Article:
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Fun For All Ages
First Visits: Exploring Morris-Jumel Mansion
The most surprising thing about this historic space is not its history or beauty, but the friendly staff running the museum. With many programs geared towards visitors from all over the world, I quickly discovered that the main goal of the Morris-Jumel trust is to educate residents about the significance of this incredible space. While there are numerous programs offered for elementary aged kids, there are just as many for the younger ones as well.
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Little kids are educated with a hands-on, explorative approach of all 11 rooms in the house including the incredible colonial kitchen. After all, what could be better than showing your little ones how toast was made over 250 years ago? This activity is called “A Country House in Manhattan” and lasts approximately an hour and half. There is a small fee of $3 per child–which is nominal considering that the entrance for kids 12 and under is free. Other activities include “The Mansion in the Revolutionary War”, “The Morris Jumel Mansion Time Machine”, “I Am an Archeologist”, “Garden With History”, and “Mansion Mysteries”.
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First Visits: Exploring Morris-Jumel Mansion
While most of these activities are recommended for ages four and up, if you are interested in booking a group for toddler aged (2-4), you can submit an inquiry email to Carol Ward, the museum director, who would be happy to accommodate all of your requests. Time slots may be limited as they are understaffed, but the staff definitely goes out of their way to ensure that every person, no matter their age, has an unforgettable experience.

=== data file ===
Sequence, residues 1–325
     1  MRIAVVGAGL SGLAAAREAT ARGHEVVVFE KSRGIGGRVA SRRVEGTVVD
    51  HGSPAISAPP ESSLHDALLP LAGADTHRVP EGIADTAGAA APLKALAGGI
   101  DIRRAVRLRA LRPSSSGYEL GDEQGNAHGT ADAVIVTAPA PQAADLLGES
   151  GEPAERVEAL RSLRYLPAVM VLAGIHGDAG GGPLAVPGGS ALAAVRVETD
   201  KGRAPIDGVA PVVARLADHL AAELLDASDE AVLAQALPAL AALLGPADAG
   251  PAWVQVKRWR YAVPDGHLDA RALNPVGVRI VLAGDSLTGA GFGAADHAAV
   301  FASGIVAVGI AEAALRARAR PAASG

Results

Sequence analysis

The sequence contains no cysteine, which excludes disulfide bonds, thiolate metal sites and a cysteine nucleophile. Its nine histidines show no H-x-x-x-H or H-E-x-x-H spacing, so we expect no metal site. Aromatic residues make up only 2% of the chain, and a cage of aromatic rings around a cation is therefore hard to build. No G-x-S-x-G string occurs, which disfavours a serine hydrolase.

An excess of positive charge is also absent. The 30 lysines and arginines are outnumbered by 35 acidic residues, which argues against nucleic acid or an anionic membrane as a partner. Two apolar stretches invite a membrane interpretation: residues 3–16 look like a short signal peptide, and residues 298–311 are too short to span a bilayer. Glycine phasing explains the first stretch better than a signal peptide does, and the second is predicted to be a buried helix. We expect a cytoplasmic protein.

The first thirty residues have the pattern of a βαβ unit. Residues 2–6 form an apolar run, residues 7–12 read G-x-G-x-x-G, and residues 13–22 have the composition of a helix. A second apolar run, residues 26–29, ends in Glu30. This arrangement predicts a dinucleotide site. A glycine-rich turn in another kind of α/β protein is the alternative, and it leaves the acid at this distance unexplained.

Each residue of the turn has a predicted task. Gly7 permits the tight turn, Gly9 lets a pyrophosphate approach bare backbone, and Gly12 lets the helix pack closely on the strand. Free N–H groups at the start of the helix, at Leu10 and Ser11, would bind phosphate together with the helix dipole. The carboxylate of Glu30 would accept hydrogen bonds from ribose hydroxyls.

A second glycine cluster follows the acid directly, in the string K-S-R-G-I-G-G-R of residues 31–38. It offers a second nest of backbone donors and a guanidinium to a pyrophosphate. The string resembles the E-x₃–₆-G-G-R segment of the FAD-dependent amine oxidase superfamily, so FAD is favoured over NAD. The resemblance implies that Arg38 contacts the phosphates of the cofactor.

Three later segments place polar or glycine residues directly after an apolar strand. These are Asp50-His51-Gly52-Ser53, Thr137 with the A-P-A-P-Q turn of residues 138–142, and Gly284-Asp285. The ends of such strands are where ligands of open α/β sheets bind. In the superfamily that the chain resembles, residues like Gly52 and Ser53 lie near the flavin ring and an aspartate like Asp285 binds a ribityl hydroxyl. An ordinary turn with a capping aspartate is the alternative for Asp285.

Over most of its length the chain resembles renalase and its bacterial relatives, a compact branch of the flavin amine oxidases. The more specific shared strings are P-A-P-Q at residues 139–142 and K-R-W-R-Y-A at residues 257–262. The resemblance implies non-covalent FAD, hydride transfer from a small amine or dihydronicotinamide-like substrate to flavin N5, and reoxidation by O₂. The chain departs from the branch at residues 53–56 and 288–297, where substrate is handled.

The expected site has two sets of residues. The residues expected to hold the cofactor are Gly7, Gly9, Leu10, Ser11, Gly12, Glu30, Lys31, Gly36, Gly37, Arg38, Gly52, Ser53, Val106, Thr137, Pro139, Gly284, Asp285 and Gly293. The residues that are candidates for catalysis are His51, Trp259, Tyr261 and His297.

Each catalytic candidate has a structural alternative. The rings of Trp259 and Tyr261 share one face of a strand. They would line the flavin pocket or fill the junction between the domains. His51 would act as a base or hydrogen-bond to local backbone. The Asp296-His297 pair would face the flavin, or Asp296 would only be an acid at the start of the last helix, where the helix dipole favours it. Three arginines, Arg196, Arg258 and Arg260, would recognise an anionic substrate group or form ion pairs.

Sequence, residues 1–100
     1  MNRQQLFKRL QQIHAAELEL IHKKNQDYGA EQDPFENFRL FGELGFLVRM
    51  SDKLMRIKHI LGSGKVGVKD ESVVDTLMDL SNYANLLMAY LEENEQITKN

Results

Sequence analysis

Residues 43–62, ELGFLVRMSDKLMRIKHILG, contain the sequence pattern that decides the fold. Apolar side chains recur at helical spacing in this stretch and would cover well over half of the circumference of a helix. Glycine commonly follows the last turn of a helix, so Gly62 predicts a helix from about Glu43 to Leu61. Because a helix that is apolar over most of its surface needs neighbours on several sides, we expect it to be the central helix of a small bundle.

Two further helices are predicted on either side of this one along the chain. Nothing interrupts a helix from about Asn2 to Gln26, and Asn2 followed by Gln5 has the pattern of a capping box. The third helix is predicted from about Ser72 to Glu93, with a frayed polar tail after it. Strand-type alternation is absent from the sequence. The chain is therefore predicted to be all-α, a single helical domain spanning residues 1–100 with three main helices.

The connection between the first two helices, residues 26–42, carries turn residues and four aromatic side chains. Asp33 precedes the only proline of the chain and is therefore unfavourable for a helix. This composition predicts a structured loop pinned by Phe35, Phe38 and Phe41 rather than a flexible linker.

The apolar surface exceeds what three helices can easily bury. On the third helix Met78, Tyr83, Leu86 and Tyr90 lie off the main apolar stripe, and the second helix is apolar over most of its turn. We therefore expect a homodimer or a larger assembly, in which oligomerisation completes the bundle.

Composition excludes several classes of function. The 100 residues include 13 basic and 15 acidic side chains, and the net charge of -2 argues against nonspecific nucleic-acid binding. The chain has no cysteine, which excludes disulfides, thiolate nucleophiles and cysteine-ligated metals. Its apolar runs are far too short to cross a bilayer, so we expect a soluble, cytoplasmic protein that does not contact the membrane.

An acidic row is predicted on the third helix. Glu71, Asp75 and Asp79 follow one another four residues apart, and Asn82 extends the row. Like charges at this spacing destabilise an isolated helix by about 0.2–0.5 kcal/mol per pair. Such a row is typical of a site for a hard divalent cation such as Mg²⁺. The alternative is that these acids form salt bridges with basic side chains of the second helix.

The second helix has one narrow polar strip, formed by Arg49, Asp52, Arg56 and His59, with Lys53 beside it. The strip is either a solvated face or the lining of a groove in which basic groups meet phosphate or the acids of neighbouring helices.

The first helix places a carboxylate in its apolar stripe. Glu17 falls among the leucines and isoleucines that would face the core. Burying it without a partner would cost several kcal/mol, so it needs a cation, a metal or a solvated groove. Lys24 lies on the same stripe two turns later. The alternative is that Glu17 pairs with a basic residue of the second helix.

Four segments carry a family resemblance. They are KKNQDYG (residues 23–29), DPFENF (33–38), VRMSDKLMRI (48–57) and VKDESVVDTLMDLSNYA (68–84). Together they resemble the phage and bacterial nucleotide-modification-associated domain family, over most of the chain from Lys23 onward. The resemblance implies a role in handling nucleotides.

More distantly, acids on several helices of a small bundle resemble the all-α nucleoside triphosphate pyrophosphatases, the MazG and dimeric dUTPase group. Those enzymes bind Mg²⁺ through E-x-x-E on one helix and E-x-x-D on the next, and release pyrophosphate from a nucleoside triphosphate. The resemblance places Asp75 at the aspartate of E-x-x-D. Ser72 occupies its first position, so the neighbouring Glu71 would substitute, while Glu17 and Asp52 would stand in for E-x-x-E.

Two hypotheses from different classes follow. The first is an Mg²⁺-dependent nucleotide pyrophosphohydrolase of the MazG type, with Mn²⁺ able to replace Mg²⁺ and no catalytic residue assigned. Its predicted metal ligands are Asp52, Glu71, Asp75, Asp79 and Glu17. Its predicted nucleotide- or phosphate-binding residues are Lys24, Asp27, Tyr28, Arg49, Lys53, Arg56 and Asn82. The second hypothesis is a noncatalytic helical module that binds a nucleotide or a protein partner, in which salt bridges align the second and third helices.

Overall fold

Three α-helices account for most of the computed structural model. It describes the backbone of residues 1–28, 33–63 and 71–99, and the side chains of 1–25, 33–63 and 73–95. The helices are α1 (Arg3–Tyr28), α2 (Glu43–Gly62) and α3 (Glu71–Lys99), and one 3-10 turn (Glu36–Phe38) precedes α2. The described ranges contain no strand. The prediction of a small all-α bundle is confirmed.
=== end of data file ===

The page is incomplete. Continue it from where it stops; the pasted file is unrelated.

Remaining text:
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For those interested in getting better acquainted with other parents and children, a program called “The Mammas and the Pappas” takes place in the spring and summer months and is basically a picnic style meet and greet on the weekends on the front lawn of the house. Details about this program will be made available as weather improves.
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Last Thoughts
I visited this museum with my two-year-old daughter, and she loved it. Being able to explore the creaky hallways and enter the rooms (especially the kitchen) left her mesmerized. Keep in mind, the museum is not handicap accessible, and if you have a stroller you will have to leave it downstairs. The admission cost is minimal, only $5 for adults, and kids 12 and under gain free entry.

There are always events happening at the mansion on the weekends, including a celebration of George Washington’s birthday happening this Saturday February 22nd. This event is free, and will allow the individual to tour the mansion, try on colonial costumes, and complete a scavenger hunt.
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So hurry and get yourselves over to this beautiful space, after all, wouldn’t you want the chance to meet the ghost of Eliza quietly gliding the halls of her beloved mansion? I would–and did.

65 Jumel Terrace
(212) 923-8008
www.morrisjumel.org